It was 1982/83 and I was pulled out of my 3rd grade class with 4 other kids in my Atlanta elementary school to go to the library and write computer code using BASF cassette tapes, keyboards and televisions. It was a bunch of 1’s and 0’s used to write very basic programs. I couldn’t tell you today what we created, but I remember trying to play that cassette tape at home weeks later in an audio cassette tape player, and all I heard were these screeching sounds.
The average Internet user today is more visually savvy than the best web developer 20 years ago. Not only have the older generations become more critical of what they find pleasing to see and use on websites, but the educational standard in schools today for the younger generations include learning programming code. And these kids are not using cassette tapes and televisions!
The point of this little history lesson is to point out how far programming has come, and why this is important to you. Printed media is on a downward trajectory. Many news and entertainment periodicals are going the way of electronic subscriptions. E-readers are replacing paper as a means to get your news. TiVo created a way to?fast forward through commercials. Sirius/XM Radio & Podcasts created a listening environment that was commercial free. Through these developments, businesses lost their means to speak to their customers.?Websites?became the #1 resource for?B2B and B2C?businesses to get in front of?their audiences.
On September 26, 2006, a new player opened their doors to the public: Facebook. This company changed the way businesses would look at their marketing for years to come. The age of Social Media Marketing began and shortly after exploded. There are almost too many social media platforms to name today. However, some of the big players are Facebook, Twitter, LinkedIn, Google+, Pinterest and Instagram. This new marketing revolution helped level the advertising playing field for small businesses. We now have the opportunity to target our marketing efforts just as efficiently as the huge conglomerates with their billion dollar marketing budgets.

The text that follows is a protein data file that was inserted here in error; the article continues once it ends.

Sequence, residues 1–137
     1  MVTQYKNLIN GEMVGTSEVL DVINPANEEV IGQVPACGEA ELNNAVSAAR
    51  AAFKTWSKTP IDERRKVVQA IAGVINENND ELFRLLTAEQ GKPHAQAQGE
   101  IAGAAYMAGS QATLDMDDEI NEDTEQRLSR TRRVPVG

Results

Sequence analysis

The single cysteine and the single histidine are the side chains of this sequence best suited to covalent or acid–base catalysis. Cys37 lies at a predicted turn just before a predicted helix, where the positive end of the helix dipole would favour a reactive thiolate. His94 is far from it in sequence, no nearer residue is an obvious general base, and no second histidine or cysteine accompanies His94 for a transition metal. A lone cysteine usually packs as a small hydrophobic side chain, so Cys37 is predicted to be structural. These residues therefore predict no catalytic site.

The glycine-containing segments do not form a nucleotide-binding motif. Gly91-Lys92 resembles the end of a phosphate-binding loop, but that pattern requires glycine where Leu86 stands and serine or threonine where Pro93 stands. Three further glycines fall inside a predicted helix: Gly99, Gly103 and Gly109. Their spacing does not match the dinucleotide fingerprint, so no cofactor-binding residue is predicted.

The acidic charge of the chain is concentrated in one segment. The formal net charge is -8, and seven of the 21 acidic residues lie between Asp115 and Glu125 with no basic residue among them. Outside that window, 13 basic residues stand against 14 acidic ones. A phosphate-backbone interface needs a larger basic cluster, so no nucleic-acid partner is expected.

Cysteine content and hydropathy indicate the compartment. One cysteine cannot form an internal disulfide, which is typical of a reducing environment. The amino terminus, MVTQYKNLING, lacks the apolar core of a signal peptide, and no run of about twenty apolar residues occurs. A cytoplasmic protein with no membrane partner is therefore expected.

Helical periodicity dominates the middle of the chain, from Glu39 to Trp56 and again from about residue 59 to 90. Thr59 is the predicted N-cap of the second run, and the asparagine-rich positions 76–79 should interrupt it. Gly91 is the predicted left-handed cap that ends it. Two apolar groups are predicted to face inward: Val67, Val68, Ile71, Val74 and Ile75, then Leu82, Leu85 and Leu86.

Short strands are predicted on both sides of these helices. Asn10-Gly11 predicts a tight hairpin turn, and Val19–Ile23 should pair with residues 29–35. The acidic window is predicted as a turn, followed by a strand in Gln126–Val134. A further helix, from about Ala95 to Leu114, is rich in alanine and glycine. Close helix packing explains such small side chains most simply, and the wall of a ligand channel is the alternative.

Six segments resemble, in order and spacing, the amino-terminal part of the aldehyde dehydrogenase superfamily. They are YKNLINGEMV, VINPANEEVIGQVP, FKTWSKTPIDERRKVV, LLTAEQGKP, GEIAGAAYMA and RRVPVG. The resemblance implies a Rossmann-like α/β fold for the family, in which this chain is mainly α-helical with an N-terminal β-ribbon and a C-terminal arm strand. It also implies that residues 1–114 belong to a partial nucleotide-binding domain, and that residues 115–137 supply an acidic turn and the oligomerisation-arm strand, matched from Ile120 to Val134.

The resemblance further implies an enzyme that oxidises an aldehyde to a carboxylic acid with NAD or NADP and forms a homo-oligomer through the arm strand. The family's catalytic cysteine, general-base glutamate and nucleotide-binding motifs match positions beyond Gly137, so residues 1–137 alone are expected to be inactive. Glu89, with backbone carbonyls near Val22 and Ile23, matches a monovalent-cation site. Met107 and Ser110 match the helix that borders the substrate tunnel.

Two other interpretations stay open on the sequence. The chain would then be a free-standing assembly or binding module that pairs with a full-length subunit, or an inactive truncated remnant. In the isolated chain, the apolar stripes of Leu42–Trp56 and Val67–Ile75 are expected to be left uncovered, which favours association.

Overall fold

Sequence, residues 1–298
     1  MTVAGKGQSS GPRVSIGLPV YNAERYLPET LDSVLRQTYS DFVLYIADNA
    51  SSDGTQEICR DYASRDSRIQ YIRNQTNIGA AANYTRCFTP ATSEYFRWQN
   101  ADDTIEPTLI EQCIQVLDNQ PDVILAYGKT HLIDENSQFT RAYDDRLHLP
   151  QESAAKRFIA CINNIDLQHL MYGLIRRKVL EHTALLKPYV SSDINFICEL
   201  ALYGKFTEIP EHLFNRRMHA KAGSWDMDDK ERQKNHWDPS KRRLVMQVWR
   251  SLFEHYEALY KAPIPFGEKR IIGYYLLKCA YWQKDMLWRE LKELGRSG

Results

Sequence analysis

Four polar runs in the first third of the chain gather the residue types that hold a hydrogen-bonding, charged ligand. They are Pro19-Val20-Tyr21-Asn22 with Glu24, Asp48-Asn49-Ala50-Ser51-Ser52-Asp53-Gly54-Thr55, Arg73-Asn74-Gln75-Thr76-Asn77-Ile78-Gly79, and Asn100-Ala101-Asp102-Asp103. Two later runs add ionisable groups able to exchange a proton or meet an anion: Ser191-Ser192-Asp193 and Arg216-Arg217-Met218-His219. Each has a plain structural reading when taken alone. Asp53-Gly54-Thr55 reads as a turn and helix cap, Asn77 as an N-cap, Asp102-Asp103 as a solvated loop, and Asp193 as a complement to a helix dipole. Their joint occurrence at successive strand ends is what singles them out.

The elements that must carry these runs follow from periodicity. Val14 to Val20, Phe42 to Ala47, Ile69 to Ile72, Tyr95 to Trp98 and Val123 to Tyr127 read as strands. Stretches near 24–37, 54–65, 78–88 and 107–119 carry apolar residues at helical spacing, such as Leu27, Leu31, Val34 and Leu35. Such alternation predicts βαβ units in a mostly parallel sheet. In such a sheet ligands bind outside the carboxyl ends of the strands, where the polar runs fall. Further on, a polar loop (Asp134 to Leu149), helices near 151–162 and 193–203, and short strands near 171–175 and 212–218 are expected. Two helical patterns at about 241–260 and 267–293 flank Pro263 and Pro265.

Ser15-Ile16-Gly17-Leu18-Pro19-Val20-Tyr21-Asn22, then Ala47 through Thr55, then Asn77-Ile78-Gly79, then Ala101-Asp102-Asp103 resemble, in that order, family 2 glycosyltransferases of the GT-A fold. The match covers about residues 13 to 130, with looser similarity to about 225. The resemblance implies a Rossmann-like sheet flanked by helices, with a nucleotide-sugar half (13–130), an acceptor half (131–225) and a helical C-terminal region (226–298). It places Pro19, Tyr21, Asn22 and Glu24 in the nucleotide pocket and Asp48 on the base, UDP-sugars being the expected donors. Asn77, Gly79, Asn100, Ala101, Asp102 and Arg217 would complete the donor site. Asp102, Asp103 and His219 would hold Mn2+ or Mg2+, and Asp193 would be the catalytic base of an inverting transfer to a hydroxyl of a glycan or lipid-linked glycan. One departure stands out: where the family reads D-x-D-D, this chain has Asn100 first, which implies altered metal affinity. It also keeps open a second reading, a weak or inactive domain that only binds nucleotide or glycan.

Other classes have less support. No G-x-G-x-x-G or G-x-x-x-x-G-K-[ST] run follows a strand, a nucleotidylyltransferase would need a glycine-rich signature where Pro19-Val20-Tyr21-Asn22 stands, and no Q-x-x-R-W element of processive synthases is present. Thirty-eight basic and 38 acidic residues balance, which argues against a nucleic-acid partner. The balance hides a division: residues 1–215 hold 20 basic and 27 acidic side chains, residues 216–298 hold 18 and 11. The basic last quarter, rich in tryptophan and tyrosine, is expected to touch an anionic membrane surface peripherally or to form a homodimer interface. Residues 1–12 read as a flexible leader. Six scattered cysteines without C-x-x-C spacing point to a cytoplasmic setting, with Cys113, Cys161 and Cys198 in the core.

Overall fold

The biggest “hiccup” of businesses’ pages?on social media is that they?do not own those platforms. We are all just visitors there. The most important feature of your website is the simple fact that you own it. This is why you need to make sure your website not only has as much information for your current and potential customers, but you also have the means to gather contact information.
Social media is a great way to make sure you are getting your message to the right audience. You can really drill down and target your ideal audience. At the end of the day, the ultimate goal of social media is to direct people to come to your website.
Your main objective for using social media for advertising is to get traffic to your website, because this is what you have 100% control of. Realistically, most of these social media platforms are not going away anytime?soon.?However, I would like for you to think about what you would do if they all disappeared tomorrow. Do you have a way to reach out to all the connections you made on those sites? If not, it is time to start building your audience to?your website.
When you engage with people on your social media platforms, be sure to create a way to also get their contact information. Typically you want to do this by offering them something of value (ie: ebook, whitepaper, trial, etc). You also want to consider making this offering free. Just because it is free, doesn’t mean it should be worthless. That will only upset the receiver. It must be something of value, so they know staying connected with you will continue to bring them value.
Remember, your website is the one thing you have 100% control over in the virtual world, not social media platforms. So take advantage of your audience on those sites and get them coming to your website. Today is the day to take control!